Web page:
365 NOLA Adventures

Getting History Wrong

Freelancing isn’t always awesome, but usually it’s pretty sweet. For example, I’m currently writing in my underwear while eating a meatball hero and watching my currently red-hot New York Mets beat the formerly red-hot Arizona Diamondbacks 7 – 0.

As I wrote that sentence, Juan Lagares just hit a dinger to make it the first multiple home run game of his career. Maybe I should make this the first multiple meatball hero day of my career?

(As I wrote THAT sentence, Thomas Nido, our backup catcher, also hit a home run. So clearly, I just need to keep writing.)

In addition to watching baseball, I’m also pitching (ha) and getting some pretty fun writing assignments. One of the publications I write for, for example — Very Local New Orleans — seems to be moving in the direction of more frequently categorizing their articles into series.

I just turned in my first article for a series they want me to do on all the breweries in the New Orleans area. That’s exciting because that’s a ton of breweries, which means it’s a lot of work. But it’s also exciting because — as Associate Justice of the Supreme Court, Brett Kavanaugh curiously yelled repeatedly at a committee of the United States Senate — “I like beer!”

But the other series I’ve already been contributing to is called, “Know Your NOLA.” Basically, I choose a location in the city and dig into its history.

For that series, I’ve written about everything from ice cream shops to fire hydrants, and little-known islands to better-known sculptures. The most recent piece I wrote for Know Your NOLA was about a 100+ year old carousel in City Park — the last of its kind in Louisiana and one of only 100 in all of America.

What makes these so fun for me is I get to really do some research. I bust out and dust off my library card, read through 19th century newspaper articles and head to the archives on the upper floors of the main branch of New Orleans’ public library.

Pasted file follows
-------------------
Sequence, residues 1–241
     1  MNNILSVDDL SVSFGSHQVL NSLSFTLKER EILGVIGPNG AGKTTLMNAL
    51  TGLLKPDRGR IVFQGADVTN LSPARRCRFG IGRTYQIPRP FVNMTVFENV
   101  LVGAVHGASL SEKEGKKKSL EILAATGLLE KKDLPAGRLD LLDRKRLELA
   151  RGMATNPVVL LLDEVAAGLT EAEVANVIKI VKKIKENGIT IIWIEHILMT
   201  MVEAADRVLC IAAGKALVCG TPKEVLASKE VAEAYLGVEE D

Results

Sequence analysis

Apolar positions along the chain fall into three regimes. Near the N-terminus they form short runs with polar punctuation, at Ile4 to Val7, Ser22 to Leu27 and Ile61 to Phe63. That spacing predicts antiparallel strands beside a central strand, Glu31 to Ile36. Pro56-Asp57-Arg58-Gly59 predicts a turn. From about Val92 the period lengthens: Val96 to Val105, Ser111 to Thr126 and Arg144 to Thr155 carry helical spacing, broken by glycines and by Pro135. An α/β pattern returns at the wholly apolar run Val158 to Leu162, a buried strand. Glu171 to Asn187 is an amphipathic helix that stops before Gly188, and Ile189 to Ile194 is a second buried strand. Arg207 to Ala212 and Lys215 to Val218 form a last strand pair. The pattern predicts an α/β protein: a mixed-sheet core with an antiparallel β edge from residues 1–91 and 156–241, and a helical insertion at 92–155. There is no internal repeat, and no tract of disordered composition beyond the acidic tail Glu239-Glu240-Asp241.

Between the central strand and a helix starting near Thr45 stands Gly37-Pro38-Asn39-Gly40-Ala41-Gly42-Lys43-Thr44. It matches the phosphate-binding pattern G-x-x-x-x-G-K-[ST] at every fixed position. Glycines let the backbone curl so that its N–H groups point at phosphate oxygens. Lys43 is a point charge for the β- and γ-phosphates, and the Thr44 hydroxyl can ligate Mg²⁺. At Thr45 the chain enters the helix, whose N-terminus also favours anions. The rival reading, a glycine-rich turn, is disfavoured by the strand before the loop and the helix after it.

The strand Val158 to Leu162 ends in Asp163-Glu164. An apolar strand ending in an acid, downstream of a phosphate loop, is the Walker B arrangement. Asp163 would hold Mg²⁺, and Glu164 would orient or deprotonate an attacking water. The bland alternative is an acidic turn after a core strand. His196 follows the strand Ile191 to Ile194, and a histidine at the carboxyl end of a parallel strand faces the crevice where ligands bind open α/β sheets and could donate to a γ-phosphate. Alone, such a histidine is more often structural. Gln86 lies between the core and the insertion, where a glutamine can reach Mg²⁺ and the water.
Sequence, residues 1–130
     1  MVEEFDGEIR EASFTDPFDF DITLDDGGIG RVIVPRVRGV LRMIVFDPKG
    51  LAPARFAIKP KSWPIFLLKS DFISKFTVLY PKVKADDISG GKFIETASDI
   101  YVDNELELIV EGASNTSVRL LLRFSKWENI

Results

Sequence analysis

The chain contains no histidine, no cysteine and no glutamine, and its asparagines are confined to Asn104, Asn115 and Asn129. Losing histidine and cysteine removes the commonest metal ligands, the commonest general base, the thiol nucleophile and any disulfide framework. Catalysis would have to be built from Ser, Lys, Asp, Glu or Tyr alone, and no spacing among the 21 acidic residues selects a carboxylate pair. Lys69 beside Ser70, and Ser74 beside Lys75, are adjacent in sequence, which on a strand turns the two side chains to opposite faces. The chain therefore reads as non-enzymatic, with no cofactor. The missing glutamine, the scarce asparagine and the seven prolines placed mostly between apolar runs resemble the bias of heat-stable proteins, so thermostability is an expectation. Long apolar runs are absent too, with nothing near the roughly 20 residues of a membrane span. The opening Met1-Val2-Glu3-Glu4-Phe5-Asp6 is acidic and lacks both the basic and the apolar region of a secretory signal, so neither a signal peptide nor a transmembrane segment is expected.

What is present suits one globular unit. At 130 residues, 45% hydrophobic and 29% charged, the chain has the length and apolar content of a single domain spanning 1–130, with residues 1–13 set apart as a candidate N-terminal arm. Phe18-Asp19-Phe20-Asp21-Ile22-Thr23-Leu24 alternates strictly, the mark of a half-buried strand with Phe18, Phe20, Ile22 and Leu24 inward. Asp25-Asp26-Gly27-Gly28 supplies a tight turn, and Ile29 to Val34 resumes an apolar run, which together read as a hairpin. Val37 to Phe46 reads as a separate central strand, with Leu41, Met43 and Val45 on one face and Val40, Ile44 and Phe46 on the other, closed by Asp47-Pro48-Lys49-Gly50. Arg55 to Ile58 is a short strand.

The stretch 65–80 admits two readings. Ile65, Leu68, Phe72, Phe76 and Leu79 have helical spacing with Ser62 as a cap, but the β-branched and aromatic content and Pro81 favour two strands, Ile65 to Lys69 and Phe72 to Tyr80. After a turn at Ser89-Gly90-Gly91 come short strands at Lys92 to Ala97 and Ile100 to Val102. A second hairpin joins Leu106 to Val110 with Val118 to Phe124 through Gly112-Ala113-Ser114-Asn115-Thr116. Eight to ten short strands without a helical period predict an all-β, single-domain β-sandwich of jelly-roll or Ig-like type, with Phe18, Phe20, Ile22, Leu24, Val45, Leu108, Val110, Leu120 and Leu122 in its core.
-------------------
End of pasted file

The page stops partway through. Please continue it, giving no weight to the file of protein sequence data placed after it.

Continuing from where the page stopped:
But, when I get an assignment, I usually start with a Google search. What’s been written recently about this topic?

For the carousel, there were actually a couple of news blurbs about it in the last couple of years, mostly because NOLA just celebrated the 300th anniversary of its founding as a European city, which resulted in a lot “300 Cool Things in 300 Years of NOLA” and other things like that.

But here’s the thing: a lot of those articles had incorrect information in them. For example, they all said the current carousel ended up in its current location by 1928. Not true. It wasn’t until 1948.

I know, I know. I’ve had more than a few friends say, “C’mon, who cares?”

Except…I care and we all should.


In 1928, it was a different carousel that was placed where the current one now resides. A decade later, that different carousel was moved to a separate amusement park (Pontchartrain Beach), leaving Carousel Gardens without a carousel.

It’s important — other than just getting history correct, which is good enough for me — because it means that other carousel might still be in storage in the city somewhere. If you just read the incorrect accounts, you don’t even know that other carousel exists. And — from a design and historical perspective — that other carousel is at least as important as the one we currently have. A really interesting piece of history (and a really loved piece of history, as anyone who’s every watched people on the current carousel can vouch for) is missing.

So where is it?


I have no idea. But I want to find it. If you know of anyone who you think might know someone who might know something about this, please let me know! I think this is the kind of topic that would be cool to pitch to history-oriented magazines.

These carousels are amazing, and the people (locally and otherwise) involved in them are interesting and important characters.

Future generations deserve for us to get this — and moments like this — correct. Because if we don’t, a slightly altered version will become fact. And one day, if — for example — a horse from one of these missing carousels shows up, nobody will understand the treasure they’ve uncovered.

Thanks for reading, and if you know of anyone who might be interested in this blog — or who might know anything about this horse mystery — please send them here, or to my pages on FACEBOOK, INSTAGRAM AND TWITTER

[Also, the Mets are now up 11 – 1 and I’ve finished my hero, for anyone dying to know.]

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